iptables rules for desktop computers
Source: 503 Service Unavailable Blog - Posted by Anthony Pell   
Firewalls Today I will show you the iptables rules I set on my main personal computer, with detailed comments about why I came to use these rules after several years of Linux desktop usage. The rules I use now have been simplified as much as I could and are based on common rules and advice that can be found on the network and also on input I got from experienced network administrators. I’ve been using them unmodified for a few years. They are designed for desktop users either directly connected to the Internet or behind a router. They are a bit restrictive in some aspects but we’ll see you can easily create a few holes for specific purposes. So here they are:

# iptables -v -L
Chain INPUT (policy DROP 0 packets, 0 bytes)
 pkts bytes target     prot opt in     out     source               destination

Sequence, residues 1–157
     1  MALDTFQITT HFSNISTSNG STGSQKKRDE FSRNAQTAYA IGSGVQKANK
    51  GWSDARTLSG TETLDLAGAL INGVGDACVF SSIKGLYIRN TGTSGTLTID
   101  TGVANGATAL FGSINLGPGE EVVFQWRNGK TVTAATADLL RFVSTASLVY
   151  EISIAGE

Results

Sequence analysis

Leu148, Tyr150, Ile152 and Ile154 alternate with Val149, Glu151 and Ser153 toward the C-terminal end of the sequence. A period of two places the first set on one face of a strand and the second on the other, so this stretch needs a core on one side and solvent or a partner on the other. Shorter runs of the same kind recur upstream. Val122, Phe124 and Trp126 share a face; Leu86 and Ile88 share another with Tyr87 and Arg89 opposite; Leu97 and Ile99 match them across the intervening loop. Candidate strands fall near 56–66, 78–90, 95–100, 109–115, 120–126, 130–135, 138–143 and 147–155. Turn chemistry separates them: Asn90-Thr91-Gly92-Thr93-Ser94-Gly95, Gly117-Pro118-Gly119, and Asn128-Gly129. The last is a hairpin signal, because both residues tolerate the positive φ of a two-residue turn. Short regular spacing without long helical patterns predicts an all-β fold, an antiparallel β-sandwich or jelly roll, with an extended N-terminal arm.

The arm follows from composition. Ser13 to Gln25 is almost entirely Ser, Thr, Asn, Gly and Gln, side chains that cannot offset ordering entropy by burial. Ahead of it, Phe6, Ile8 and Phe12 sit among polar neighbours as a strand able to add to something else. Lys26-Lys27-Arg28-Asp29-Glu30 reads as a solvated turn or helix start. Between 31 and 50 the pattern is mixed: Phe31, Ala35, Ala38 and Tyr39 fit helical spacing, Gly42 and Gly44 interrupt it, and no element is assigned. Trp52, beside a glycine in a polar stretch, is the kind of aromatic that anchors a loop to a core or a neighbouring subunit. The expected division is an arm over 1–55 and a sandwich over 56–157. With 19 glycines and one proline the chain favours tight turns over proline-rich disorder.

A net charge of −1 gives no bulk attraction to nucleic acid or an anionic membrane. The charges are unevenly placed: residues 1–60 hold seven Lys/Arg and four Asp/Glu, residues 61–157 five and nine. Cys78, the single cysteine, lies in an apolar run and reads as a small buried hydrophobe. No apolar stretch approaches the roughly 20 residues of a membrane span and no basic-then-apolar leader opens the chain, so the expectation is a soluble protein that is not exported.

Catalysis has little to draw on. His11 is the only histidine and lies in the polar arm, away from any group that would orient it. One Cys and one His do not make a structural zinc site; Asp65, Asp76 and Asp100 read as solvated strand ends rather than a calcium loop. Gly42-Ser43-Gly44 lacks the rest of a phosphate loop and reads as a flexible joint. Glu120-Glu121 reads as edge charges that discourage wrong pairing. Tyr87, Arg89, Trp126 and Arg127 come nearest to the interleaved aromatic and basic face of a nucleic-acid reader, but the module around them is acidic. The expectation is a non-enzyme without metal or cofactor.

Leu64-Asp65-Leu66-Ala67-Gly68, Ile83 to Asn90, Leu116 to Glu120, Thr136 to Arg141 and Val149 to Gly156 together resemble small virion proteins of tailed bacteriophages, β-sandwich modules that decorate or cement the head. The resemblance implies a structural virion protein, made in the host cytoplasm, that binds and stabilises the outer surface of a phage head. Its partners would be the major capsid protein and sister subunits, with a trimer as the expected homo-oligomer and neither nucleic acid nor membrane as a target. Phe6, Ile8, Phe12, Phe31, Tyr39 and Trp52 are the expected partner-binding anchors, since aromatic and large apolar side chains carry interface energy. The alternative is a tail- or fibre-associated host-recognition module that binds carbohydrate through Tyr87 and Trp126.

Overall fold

663K  905M ACCEPT     all  --  any    any     anywhere             anywhere            state RELATED,ESTABLISHED
  105  6300 ACCEPT     all  --  lo     any     anywhere             anywhere
    0     0 ACCEPT     icmp --  any    any     anywhere             anywhere            icmp destination-unreachable
    0     0 ACCEPT     icmp --  any    any     anywhere             anywhere            icmp time-exceeded
    0     0 ACCEPT     icmp --  any    any     anywhere             anywhere            icmp source-quench
    0     0 ACCEPT     icmp --  any    any     anywhere             anywhere            icmp parameter-problem
    0     0 DROP       tcp  --  any    any     anywhere             anywhere            tcp flags:!FIN,SYN,RST,ACK/SYN state NEW

Chain FORWARD (policy DROP 0 packets, 0 bytes)
 pkts bytes target     prot opt in     out     source               destination

Chain OUTPUT (policy ACCEPT 0 packets, 0 bytes)
 pkts bytes target     prot opt in     out     source               destination

We’ll start by the most obvious rules. The FORWARD chain has a policy of “DROP” and no specific rules. A desktop computer isn’t usually employed as a router or to share an Internet connection, so there’s no reason in allowing forwarding.

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